Senior members of the Muslim Brotherhood held an urgent meeting Sunday to consider possible ways to bolster popular support for President Mohamed Morsy’s call for Egyptians to vote in a referendum on the constitution on 15 December, group sources told Al-Masry Al-Youm.
Sources from the group said the Guidance Bureau instructed administrative offices in governorates around the country to form groups to hold dialogues with people over the constitution and the importance of approving it.
In addition, Essam Hasheesh, member of the group’s Shura Council, said the Supreme Constitutional Court should not overrule the 22 November constitutional declaration issued by President Mohamed Morsy, in order to not further polarize the country.
Hasheesh told reporters if the constitutional court ruled to dissolve the Consituent Assembly and Shura Council — decisions that were postponed after SCC members were barred from entering the body Sunday — it would mean the court plays a political role and Egypt’s rulers should penalize it.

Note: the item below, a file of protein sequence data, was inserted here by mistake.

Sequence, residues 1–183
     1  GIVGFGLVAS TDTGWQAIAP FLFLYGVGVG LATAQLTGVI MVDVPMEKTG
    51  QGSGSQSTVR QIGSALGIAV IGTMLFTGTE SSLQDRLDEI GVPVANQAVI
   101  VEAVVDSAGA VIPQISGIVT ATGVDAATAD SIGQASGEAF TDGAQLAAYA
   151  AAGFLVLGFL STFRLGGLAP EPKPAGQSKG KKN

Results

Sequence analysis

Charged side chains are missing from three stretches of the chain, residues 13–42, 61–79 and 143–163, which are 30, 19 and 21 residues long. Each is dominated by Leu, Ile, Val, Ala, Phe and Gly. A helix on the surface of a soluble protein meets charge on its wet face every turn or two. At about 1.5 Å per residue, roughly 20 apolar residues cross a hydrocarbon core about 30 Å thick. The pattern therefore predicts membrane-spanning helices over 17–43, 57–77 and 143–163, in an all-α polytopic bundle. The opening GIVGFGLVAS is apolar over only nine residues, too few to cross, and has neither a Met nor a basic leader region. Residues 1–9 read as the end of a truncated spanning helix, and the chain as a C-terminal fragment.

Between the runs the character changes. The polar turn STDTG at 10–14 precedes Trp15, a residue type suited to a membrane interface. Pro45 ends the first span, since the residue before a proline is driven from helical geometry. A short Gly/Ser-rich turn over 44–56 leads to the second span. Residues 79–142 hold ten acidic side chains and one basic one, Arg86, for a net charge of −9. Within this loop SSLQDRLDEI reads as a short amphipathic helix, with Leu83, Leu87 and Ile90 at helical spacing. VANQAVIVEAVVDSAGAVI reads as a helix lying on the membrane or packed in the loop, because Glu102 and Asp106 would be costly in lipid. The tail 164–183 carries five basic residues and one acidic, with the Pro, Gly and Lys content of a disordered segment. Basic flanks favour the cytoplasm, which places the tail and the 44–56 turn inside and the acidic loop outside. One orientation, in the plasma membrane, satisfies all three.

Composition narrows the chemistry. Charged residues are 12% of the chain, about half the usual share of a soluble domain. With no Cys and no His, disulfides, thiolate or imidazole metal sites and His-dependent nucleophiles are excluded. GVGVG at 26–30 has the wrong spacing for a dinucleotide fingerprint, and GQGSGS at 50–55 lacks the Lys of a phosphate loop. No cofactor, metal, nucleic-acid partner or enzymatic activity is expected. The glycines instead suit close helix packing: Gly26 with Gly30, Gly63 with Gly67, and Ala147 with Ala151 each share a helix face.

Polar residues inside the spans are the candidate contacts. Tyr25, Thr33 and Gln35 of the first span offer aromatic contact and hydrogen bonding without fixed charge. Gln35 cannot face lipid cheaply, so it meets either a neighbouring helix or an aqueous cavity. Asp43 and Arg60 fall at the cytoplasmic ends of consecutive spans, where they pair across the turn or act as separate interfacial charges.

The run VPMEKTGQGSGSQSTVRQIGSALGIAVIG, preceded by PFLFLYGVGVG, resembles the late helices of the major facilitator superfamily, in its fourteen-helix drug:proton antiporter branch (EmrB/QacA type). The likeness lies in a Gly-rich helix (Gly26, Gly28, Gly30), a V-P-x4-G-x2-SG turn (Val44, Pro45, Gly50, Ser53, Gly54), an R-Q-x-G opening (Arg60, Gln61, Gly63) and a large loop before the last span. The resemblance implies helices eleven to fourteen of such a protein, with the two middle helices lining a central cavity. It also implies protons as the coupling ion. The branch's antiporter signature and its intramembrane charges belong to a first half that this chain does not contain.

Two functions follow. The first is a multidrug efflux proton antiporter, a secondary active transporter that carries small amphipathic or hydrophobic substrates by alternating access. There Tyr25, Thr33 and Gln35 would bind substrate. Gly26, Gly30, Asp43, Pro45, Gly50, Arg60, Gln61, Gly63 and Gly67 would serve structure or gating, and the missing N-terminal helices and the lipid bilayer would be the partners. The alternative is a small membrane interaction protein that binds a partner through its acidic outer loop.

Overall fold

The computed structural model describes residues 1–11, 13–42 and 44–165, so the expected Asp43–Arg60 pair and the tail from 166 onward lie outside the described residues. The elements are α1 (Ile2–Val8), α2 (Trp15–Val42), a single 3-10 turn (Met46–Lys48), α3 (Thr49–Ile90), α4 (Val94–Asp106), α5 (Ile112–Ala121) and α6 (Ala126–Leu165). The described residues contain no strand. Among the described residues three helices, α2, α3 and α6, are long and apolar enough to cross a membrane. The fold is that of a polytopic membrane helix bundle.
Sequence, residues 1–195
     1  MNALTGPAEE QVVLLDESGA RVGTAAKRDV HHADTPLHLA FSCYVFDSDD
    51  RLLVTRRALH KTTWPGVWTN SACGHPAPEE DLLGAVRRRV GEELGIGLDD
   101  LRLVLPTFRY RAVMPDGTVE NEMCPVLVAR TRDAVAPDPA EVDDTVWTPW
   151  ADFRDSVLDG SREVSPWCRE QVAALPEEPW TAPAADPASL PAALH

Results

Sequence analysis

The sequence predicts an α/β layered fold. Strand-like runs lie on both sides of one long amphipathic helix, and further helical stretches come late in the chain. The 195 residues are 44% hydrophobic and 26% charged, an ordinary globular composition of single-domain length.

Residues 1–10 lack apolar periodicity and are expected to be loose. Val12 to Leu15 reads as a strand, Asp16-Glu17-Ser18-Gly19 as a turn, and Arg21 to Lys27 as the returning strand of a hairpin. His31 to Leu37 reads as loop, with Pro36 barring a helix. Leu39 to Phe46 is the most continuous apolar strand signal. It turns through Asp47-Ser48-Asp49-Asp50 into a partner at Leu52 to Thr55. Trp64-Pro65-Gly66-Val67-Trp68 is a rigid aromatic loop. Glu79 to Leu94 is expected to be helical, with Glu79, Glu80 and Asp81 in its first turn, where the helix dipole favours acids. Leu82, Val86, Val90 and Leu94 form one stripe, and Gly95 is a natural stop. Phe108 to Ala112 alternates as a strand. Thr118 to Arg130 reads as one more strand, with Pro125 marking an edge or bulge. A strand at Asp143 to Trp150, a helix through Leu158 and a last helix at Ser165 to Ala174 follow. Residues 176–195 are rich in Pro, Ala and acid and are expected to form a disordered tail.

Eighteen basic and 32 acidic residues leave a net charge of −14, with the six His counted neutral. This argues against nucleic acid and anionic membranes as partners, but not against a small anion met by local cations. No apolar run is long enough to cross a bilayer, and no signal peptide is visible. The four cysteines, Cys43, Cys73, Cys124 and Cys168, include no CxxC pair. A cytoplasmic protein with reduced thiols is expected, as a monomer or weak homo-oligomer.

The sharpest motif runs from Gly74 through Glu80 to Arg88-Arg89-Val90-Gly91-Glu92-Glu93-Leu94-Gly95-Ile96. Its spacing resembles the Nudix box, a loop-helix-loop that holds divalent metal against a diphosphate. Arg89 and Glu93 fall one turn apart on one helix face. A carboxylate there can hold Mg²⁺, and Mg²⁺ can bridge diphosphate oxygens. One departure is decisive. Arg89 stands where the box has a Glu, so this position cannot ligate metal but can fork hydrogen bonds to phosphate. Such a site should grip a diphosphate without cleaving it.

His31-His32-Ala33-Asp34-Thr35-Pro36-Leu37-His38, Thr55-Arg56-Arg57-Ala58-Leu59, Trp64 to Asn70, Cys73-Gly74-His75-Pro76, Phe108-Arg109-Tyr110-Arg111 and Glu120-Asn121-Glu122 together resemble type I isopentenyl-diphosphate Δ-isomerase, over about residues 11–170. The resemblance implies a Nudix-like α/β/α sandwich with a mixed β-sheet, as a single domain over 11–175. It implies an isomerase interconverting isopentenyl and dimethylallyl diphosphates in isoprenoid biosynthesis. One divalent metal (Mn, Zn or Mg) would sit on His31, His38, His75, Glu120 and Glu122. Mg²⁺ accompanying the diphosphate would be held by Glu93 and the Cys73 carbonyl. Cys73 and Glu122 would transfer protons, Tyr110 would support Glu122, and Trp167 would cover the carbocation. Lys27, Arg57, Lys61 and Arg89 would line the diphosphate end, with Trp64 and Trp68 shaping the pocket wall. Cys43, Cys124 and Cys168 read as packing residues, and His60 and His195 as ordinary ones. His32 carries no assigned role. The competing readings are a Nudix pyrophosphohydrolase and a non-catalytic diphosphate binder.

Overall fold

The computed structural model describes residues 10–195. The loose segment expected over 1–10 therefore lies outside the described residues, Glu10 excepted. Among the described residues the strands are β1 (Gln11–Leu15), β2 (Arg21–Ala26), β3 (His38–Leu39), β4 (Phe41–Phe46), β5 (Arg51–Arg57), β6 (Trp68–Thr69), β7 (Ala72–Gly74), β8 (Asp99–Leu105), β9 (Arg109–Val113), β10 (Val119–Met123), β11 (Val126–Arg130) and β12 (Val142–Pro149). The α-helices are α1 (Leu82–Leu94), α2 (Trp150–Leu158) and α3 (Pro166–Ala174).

Hussein Hamed, a member of the assembly’s drafting committee, told Al-Masry Al-Youm, “The president’s decisions came in response to the people’s needs, and the constitutional declaration issued by Morsy should be considered a constitution.”
He also said claims that the constitution was written in a short time were untrue, as the assembly took six months to draft the document.
Wael Teleb, another member of the group’s Shura Council, said the Brotherhood would call for a national dialogue to explain terms of the constitution.
He accused opposition parties of seeking support from the West.
Edited translation from Al-Masry Al-Youm